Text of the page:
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A recent news article about the first Africans in America told of Antony, Isabella, Angelo

(a/k/a Angela), Frances, and Peter, kidnapped from the Ndongo region of Angola and

brought to the shores of what would later become America. They landed in Jamestown,

England’s first successful settlement in North America…but how successful? Before the

arrival of these kidnapped Africans, the people of Jamestown were starving. They didn’t

know how to grow anything—crops or livestock.

But the slaves came to their rescue. Catholic and educated, many spoke several

languages. And they knew how to farm. These captives taken from Angola, a

Portuguese colony of mostly Catholic Africans, quickly revitalized the Jamestown


They were among over 300 captured slaves bound for Mexico aboard the San Juan

Bautista, but the ship was attacked by two others, the White Lion and the Treasurer.

These two ships plundered the San Juan Bautista and seized around 60 slaves. Sold

into bondage in Virginia, some 20-odd slaves formed a core group described as critical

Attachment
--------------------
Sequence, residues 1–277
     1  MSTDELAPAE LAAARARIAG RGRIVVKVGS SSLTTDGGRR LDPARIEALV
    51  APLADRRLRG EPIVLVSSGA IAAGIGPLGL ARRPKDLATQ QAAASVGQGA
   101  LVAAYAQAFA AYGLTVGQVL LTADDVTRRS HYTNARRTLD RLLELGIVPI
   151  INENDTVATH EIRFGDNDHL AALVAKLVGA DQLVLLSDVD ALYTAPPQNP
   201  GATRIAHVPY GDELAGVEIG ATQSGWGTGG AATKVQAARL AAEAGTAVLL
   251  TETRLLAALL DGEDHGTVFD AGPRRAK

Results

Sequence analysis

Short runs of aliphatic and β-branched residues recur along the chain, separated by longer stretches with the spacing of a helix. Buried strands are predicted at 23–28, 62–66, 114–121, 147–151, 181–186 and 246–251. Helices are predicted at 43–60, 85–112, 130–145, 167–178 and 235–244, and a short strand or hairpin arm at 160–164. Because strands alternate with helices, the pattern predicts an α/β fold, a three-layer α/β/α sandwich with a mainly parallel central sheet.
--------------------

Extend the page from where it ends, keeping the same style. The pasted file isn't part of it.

to the survival of Jamestown. They landed in 1619 near latter-day Hampton, Virginia.

An ambitious undertaking called Project 1619 (named after the year of the slaves’

arrival) is headed by Calvin Pearson, who says, “We need to reclaim our history. We

need to tell our story.”

Ironic, isn’t it, that for long, long years, Whites in Virginia (and indeed in many parts of

America) sought to suppress Black advancement, yet if it weren’t for those early Black

slaves, the Whites in the colony of Jamestown might not have survived at all!

For a book on a related subject, we recommend The Legend of Meecheli: The First

African American Princess, which tells the story of Ndongo slaves who escape…well,

no spoilers, so we won’t go any further, but buy it in our shop. Here’s a link.

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